- (context, weapon) A stabbing weapon, similar to a sword but with a short, double-edged blade.
Etymology: From dague.
- (RQ:Shakespeare Wives), Act I, Scene I, line 282.
- : I bruised my shin th" other day with playing at sword and with a master of fence; ...
- 1786, w:Francis Grose, Francis Grose, A Treatise on Ancient Armour and Weapons, page 34.
- : The , under the title cultellum and misericorde, has been the constant companion of the sword, at least from the days of Edward I. and is mentioned in the statute of Winchester.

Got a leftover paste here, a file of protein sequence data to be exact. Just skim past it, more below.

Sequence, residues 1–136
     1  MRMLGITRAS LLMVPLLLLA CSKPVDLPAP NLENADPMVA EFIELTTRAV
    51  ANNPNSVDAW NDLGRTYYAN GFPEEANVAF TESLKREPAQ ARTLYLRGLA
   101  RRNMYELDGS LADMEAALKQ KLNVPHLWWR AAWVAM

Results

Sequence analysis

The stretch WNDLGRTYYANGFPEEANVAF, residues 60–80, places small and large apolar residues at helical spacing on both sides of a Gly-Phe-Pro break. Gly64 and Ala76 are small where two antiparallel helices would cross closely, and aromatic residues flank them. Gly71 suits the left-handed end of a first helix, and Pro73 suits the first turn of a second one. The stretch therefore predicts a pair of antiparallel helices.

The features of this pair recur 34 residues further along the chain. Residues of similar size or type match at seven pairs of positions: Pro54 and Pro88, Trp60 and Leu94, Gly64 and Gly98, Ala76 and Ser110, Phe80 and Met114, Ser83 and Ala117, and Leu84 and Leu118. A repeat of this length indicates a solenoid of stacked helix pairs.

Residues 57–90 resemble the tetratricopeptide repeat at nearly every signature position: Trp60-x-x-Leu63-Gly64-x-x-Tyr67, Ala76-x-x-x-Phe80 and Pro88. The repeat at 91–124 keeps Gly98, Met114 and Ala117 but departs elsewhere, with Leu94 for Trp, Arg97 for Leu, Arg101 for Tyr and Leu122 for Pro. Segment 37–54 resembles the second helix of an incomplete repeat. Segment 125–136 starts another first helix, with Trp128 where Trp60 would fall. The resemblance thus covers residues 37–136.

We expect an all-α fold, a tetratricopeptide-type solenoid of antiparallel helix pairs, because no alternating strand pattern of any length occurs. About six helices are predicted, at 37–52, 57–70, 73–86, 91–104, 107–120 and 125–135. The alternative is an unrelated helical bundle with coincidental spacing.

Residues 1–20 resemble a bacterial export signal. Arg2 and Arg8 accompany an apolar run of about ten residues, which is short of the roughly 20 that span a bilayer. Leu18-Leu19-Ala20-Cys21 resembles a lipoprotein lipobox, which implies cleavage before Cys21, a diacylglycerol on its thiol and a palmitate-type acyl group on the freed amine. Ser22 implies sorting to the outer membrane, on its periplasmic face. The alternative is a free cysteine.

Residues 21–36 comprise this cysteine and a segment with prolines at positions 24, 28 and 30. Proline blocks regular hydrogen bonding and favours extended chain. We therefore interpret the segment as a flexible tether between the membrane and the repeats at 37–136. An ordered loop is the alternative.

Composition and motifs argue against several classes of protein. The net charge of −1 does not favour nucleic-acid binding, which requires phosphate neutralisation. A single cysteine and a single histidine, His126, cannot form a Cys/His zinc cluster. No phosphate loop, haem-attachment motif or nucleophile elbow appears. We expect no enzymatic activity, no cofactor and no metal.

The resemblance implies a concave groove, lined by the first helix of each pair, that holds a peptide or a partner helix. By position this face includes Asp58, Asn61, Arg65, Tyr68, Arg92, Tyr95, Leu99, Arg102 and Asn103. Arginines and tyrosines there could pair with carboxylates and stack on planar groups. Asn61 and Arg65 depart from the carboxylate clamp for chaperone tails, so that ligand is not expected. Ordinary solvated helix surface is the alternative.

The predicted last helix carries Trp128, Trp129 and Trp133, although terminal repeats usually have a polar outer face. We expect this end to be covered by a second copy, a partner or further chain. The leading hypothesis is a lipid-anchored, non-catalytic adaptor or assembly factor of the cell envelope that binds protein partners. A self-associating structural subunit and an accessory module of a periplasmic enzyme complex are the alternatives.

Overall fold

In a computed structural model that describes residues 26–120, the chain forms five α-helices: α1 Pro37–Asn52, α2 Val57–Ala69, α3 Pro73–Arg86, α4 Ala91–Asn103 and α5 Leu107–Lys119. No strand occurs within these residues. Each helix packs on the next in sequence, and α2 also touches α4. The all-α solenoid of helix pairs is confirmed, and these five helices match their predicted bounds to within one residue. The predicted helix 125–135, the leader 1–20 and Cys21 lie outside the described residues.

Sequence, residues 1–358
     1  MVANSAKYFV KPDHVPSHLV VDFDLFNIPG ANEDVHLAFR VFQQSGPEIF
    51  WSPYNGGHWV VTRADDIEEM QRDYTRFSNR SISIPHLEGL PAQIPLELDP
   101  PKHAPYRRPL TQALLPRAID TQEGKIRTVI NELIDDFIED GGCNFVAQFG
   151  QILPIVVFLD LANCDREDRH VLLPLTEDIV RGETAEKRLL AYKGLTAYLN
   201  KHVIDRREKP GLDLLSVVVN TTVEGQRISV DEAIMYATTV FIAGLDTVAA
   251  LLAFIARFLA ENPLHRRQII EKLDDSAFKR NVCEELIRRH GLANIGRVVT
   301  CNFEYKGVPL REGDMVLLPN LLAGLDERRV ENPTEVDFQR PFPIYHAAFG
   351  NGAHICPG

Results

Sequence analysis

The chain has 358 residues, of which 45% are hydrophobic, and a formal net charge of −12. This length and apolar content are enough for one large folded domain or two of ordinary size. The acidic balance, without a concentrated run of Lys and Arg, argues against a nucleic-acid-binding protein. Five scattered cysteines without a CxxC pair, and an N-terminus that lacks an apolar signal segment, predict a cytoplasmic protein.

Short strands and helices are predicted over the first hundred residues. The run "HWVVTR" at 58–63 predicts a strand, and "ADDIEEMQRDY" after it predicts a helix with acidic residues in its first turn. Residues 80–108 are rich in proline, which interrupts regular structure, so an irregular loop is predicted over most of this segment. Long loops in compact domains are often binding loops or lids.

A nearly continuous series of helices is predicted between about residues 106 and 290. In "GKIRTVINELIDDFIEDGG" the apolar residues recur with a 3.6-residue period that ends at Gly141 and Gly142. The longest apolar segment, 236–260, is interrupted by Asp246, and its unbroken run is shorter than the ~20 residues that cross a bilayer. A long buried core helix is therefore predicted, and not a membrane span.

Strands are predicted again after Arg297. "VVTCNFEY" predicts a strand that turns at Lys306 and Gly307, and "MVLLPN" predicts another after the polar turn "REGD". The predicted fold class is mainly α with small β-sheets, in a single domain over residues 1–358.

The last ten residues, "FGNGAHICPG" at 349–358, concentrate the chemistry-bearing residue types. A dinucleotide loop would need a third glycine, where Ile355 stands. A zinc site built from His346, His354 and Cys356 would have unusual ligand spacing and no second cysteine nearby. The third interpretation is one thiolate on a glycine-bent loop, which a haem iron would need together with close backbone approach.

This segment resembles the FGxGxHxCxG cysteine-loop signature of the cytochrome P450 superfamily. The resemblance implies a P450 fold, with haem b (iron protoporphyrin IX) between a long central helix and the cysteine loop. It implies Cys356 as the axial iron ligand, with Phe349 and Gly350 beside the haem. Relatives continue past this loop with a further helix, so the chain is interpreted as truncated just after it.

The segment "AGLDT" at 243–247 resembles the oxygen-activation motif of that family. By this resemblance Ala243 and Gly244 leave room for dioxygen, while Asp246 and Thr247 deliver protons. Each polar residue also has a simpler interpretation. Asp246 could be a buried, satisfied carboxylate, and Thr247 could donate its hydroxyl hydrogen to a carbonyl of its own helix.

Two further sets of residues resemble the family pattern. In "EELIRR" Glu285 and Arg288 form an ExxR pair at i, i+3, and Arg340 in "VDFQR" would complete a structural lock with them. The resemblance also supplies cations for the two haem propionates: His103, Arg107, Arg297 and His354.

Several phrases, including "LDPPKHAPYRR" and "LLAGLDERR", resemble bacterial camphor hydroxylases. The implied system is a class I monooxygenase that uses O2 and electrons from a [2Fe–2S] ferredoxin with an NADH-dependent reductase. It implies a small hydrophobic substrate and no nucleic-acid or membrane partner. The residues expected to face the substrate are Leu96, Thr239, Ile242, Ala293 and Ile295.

- A text character (") that is used for footnotes, to signify death, and to express the mathematical application of Hermitian conjugacy.
- (rfd-sense) (figurative) Anything that causes pain like a dagger.
- (RQ:Shakespeare Merchant), Act III, Scene II, line 108.
- : TUBAL: Your daughter spent in Genoa, as I heard, one night, fourscore ducats.
- : SHYLOCK: Thou stick"st a in me: I shall never see my gold again: fourscore ducats at a sitting! Fourscore ducats!
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Full Definition of dagger